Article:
Section 6d: Flood insurance is becoming more predominant in Arizona. If the property has a loan, flood insurance will be required if the property falls into a flood plain or fringe. Check the county and the city. Flood maps are available online and at the appropriate county or city location. Listing agents help their sellers when they provide the flood information in the document section of the MLS.
Section 6f: Not sure why the word “conventional” was inserted before “septic”. Personally, it appears to be redundancy. Arizona defines a conventional septic system as one that has a septic tank followed by a trench, bed, chamber or seepage pit. An alternative system is anything else. Sort of like saying “joint tenancy” which implies “with right of survivorship” or “warranty” deed which assumes “general warranty” deed.
Section 6j: Thanks AAR. Line 265 makes it contractual that buyer/buyer’s agent must deliver a “signed” notice of disapproved items. More specificity than current contract: “If Buyer’s notice specifies disapproval of items as allowed herein, the Earnest Money shall be released to Buyer.” If the buyer does not specify a reason under the inspection area, the seller/seller’s agent should execute a cure notice. Buyer then has 3 days to give an appropriate reason so as to get back their Earnest Deposit.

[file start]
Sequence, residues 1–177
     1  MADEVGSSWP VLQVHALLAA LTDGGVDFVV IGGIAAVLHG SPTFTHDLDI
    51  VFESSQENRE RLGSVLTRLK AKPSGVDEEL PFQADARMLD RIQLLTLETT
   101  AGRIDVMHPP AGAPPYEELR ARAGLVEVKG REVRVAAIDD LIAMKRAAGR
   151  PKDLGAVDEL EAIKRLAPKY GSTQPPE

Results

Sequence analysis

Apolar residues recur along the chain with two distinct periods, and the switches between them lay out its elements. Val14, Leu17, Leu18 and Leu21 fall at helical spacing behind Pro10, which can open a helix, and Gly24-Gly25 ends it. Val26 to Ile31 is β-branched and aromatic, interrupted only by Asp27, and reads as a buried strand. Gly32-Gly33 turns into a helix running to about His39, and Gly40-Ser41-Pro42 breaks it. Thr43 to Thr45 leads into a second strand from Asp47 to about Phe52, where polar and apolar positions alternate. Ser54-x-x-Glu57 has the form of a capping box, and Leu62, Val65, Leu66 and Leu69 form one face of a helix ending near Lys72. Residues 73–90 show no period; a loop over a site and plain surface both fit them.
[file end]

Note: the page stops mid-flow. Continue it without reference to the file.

A buyer who states the property does not suit their needs and does not respond to the cure notice, will not get their earnest deposit back.
Buyer agents and escrow agents need to wait until the seller has reviewed the buyer disapproval before the return of the Earnest Deposit. Too many instances of late whereby the buyer’s agent picks up the Earnest Deposit check for the buyer from the escrow company before the seller/seller’s agent have had a chance to review it. The contract will now put buyer’s agent and escrow company in a liability situation without seller/seller agent review.
Section 6k: The Arizona Department of Real Estate gets complaints from buyers that they weren’t offered a home warranty. Now the buyer must initial the section. This should reduce the number of complaints.
Section 7a: Cure Period. Finally listing agents and buyer agents are beginning to use this tool properly. Some have felt their client didn’t want to cancel the transaction, just move it along. The cure notice is used by a non-breaching party to serve notice to the other party that “time is of the essence” and should they not comply within the “cure period”, a breach is established and “rendering the contract subject to cancellation.”(line 324) IMPORTANT: The breach does not say there will be cancellation, only that it could be subject to cancellation. It is important for agents to protect their client. NOTE: the 3 day period may be changed to any number of days. Instead of issuing an addendum when escrow does not close on time, the agent may consider issuing a cure notice that will cover the period of time necessary for the buyer to complete the transaction.